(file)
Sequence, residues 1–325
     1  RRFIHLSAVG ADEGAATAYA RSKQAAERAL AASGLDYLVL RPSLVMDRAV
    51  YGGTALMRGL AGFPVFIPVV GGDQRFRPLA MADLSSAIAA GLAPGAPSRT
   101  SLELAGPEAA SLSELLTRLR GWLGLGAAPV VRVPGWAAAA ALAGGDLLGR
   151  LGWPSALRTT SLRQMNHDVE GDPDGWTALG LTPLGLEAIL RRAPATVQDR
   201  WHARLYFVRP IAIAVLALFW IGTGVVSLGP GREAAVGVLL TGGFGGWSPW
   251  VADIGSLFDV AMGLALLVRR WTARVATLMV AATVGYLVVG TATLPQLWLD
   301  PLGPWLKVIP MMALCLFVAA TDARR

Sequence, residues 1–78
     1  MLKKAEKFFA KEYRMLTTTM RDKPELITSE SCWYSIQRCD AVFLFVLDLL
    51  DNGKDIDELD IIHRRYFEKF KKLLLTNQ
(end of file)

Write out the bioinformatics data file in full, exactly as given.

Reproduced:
Sequence, residues 1–325
     1  RRFIHLSAVG ADEGAATAYA RSKQAAERAL AASGLDYLVL RPSLVMDRAV
    51  YGGTALMRGL AGFPVFIPVV GGDQRFRPLA MADLSSAIAA GLAPGAPSRT
   101  SLELAGPEAA SLSELLTRLR GWLGLGAAPV VRVPGWAAAA ALAGGDLLGR
   151  LGWPSALRTT SLRQMNHDVE GDPDGWTALG LTPLGLEAIL RRAPATVQDR
   201  WHARLYFVRP IAIAVLALFW IGTGVVSLGP GREAAVGVLL TGGFGGWSPW
   251  VADIGSLFDV AMGLALLVRR WTARVATLMV AATVGYLVVG TATLPQLWLD
   301  PLGPWLKVIP MMALCLFVAA TDARR

Sequence, residues 1–78
     1  MLKKAEKFFA KEYRMLTTTM RDKPELITSE SCWYSIQRCD AVFLFVLDLL
    51  DNGKDIDELD IIHRRYFEKF KKLLLTNQ